Tag Archives: PCR

Next-Generation Sequencing Targets GMOs

By Maria Fontanazza
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As the movement among consumers for more information about the products they’re purchasing and consuming continues to grow, the food industry will experience persistent pressure from both advocacy groups and the government on disclosure of product safety information and ingredients. Top of mind as of late has been the debate over GMOs. “Given all of the attention on GMOs on the legislative side, there is huge demand from consumers to have visibility and transparency into whether products have been genetically modified or not,” says Mahni Ghorashi, co-founder of Clear Labs.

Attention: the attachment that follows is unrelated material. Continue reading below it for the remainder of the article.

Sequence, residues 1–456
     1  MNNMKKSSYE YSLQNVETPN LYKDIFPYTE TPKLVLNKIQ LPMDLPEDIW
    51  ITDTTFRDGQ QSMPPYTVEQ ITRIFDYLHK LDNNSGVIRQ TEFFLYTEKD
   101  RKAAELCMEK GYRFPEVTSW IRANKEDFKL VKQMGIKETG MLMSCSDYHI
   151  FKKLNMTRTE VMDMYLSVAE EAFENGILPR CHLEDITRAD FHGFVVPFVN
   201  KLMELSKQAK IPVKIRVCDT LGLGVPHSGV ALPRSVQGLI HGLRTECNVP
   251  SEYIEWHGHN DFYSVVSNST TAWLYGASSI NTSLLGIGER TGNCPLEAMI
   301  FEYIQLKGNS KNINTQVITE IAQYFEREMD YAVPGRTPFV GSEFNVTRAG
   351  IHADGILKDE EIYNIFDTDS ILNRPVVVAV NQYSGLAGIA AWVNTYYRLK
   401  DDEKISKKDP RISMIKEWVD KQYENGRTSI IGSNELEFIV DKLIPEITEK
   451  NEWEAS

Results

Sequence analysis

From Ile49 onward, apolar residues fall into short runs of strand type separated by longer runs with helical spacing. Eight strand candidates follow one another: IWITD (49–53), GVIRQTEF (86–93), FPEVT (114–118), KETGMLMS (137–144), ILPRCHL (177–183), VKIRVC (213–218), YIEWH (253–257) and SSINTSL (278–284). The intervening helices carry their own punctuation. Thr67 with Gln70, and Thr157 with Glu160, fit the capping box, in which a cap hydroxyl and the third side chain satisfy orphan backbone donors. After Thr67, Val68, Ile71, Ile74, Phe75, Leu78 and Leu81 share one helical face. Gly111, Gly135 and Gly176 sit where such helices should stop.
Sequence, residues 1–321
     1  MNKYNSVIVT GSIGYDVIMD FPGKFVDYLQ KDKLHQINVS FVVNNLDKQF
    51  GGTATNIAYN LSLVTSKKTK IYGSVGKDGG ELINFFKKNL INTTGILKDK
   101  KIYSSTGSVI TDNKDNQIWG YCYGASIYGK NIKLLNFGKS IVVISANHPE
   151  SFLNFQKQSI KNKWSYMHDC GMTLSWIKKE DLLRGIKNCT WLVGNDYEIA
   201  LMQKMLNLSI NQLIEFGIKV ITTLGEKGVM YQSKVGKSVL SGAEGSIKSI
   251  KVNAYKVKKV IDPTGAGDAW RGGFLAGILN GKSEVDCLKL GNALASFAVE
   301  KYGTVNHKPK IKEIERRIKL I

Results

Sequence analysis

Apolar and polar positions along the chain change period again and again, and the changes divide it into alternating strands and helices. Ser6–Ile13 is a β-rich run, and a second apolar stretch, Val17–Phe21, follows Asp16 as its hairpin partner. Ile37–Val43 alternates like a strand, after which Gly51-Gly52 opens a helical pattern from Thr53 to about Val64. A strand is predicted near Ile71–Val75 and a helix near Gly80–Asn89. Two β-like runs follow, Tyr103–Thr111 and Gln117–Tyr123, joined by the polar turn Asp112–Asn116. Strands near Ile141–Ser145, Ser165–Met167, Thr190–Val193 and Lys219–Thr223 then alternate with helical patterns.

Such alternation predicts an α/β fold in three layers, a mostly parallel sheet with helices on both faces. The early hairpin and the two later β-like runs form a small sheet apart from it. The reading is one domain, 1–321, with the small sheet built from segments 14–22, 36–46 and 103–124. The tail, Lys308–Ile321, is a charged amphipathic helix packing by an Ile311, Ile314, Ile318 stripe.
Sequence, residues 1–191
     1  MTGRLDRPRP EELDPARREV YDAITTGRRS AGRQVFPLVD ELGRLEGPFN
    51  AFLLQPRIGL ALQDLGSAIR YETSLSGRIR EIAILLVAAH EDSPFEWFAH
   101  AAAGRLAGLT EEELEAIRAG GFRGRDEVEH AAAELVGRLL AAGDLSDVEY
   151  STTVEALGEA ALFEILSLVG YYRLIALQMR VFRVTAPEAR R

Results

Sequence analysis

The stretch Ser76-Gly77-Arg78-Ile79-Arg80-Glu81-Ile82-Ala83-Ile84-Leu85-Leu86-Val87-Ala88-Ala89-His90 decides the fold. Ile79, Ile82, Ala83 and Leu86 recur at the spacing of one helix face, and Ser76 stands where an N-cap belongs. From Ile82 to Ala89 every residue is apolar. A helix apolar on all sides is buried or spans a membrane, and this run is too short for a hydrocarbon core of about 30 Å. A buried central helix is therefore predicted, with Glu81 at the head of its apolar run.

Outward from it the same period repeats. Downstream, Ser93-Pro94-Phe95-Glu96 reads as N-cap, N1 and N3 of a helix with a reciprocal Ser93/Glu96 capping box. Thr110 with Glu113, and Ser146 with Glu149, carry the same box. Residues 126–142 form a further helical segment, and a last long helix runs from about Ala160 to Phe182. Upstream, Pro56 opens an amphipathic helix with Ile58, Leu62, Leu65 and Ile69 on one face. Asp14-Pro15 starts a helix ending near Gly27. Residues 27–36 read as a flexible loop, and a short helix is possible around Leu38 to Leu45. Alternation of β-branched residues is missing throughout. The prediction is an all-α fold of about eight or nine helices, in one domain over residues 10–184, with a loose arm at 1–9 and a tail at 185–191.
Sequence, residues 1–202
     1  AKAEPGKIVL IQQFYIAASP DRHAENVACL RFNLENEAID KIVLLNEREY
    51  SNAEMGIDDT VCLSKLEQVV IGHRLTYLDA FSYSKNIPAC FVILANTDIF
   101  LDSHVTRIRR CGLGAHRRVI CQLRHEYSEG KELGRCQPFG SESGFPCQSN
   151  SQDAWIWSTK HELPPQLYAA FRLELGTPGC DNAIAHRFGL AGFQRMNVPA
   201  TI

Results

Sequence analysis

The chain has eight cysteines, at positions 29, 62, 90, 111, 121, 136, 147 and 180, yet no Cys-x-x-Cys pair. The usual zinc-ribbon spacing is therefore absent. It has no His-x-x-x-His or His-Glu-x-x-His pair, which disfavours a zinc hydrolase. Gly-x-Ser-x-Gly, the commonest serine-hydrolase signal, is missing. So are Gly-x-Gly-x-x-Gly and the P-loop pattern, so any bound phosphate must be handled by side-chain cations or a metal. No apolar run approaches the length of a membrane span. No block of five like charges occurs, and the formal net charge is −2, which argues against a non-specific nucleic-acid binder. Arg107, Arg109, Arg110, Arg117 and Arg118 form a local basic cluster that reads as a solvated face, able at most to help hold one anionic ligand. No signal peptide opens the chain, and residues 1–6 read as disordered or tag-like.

Mahni Ghorashi, Clear Labs
Mahni Ghorashi, co-founder of Clear Labs

Today Clear Labs announced the availability of its comprehensive next-generation sequencing (NGS)-based GMO test. The release comes at an opportune time, as the GMO labeling bill, which was passed by the U.S. House of Representatives last week, heads to the desk of President Obama.

Clear Labs touts the technology as the first scalable, accurate and affordable GMO test. NGS enables the ability to simultaneously screen for multiple genes at one time, which could companies save time and money. “The advantage and novelty of this new test or assay is the ability to screen for all possible GMO genes in a single universal test, which is a huge change from the way GMO testing is conducted today,” says Ghorashi.

The PCR test method is currently the industry standard for GMO screening, according to the Non-GMO Project. “PCR tests narrowly target an individual gene, and they’re extremely costly—between $150–$275 per gene, per sample,” says Ghorashi. “Next-generation sequencing is leaps and bounds above PCR testing.” Although he won’t specify the cost of the Clear Labs assay (the company uses a tiered pricing structure based on sample volume), Ghorashi says it’s a fraction of the cost of traditional PCR tests.